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Competing Sanctuary Cities Bills At The Statehouse

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Ohio Public Radio
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The fight over how the state should deal with immigration issues has Statehouse Republicans and Democrats backing different bills. Ohio Public Radio's Jo Ingles reports.

The lawmaker working on legislation to outlaw sanctuary cities in Ohio is newly elected Republican Rep. Candice Keller. And she’s gotten some high-profile support from state Treasurer Josh Mandel. Keller and Mandel both back President Donald Trump, who has spoken out strongly against sanctuary cities. Keller’s southwest Ohio district went overwhelmingly for Trump. And Mandel has been relying on Trump-type rhetoric in the campaign he’s launched for next year’s US Senate race. Keller says she’ll propose her bill because she’s found evidence that sanctuary cities nationwide are full of Muslim refugees and have become havens for criminals.

 

“There are 8000 unauthorized immigrants with criminal records that have been treated by sanctuary cities despite the fact that federal authorities have been requested that they be turned over for deportations. And so in eight months’ time, 7500 new charges placed on many of those people, including child sex abuse. A lot of the culture and a lot of what we are seeing come in includes not only terrorism and crime but sexual assault, sexually transmitted diseases, child marriage, child rape and prostitution.  Six states have already reported rape and sexual assault.”

 

When asked by reporters, Keller could not elaborate on the basis for her statement.

 

Cincinnati and Columbus are among the communities that have passed so-called sanctuary city legislation or something similar to it. Officials in those cities say they did to provide protection for immigrants who have illegal status. Refugees, to which Keller was intermittently referring, typically have legal status already.

 

A day after Keller made her comments, Democratic state representatives Dan Ramos and Stephanie Howse talked about their bill. Like Keller’s, it’s still in the works. But it would, among other things, hold sanctuary cities harmless from penalties or retribution. But Keller’s comments were still fresh on Howse’s mind.

 

“When you talk about blaming immigrants and their culture for committing crimes including assaults and rapes and bringing in sexually transmitted diseases, this is a type of language that is dangerous here in Ohio. This is a type of language is dangerous here in Ohio. This type of language is based on white supremacy because what are you saying? Whose culture? Who is going to get raped? Representative Keller is from Butler County. I don’t know the demographics are to the tee but I can guarantee you the majority of the people in Butler County don’t look like me, don’t look like Representative Ramos and what you are saying is people who are different than you are causing a disruption to your culture? Where’s the evidence?”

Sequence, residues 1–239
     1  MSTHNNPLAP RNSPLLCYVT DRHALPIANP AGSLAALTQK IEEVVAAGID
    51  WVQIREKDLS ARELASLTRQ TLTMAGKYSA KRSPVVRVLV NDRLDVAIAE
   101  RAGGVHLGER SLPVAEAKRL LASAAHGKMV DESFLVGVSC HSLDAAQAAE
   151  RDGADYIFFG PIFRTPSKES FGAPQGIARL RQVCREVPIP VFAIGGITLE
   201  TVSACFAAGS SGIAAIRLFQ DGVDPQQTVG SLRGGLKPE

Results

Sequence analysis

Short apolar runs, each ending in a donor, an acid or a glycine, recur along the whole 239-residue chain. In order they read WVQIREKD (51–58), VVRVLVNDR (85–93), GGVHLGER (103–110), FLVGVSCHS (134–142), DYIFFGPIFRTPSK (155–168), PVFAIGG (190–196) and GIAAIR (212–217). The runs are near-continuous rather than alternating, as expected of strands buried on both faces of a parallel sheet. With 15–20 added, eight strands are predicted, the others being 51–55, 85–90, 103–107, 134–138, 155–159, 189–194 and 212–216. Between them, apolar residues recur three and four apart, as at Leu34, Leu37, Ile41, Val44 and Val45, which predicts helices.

Keller and Mandel cited the Center for Immigration Studies to back up some of their claims. However, that group has been criticized in the past by some liberal leaning groups as being biased against pro-immigration policies.  Other sources, such as a study published in the Washington Post, show there has been no increase in crime in sanctuary cities and in some of them, the crime rate went down.  There’s no word on what priority the sanctuary city ban has in the Republican-controlled legislature, but House Speaker Cliff Rosenberger’s office has said the GOP caucus take a close look at it.

 

The Statehouse News Bureau was founded in 1980 to provide educational, comprehensive coverage of legislation, elections, issues and other activities surrounding the Statehouse to Ohio's public radio and television stations. To this day, the Bureau remains the only broadcast outlet dedicated to in-depth coverage of state government news and topics of statewide interest. The Bureau is funded througheTech Ohio, and is managed by ideastream. The reporters at the Bureau follow the concerns of the citizens and voters of Ohio, as well as the actions of the Governor, the Ohio General Assembly, the Ohio Supreme Court, and other elected officials. We strive to cover statehouse news, government issues, Ohio politics, and concerns of business, culture and the arts with balance and fairness, and work to present diverse voices and points of view from the Statehouse and throughout Ohio. The three award-winning journalists at the bureau have more than 60 combined years of radio and television experience. They can be heard on National Public Radio and are regular contributors to Morning Edition, All Things Considered and Marketplace. Every weekday, the Statehouse News Bureau produces in-depth news reports forOhio's public radio stations. Those stories are also available on this website, either on the front page or in our archives. Weekly, the Statehouse News Bureau produces a television show from our studios in the Statehouse. The State of Ohio is an unique blend of news, interviews, talk and analysis, and is broadcast on Ohio's public television stations. The Statehouse News Bureau also produces special programming throughout the year, including the Governor's annual State of the State address to the Ohio General Assembly and a five-part year-end review.
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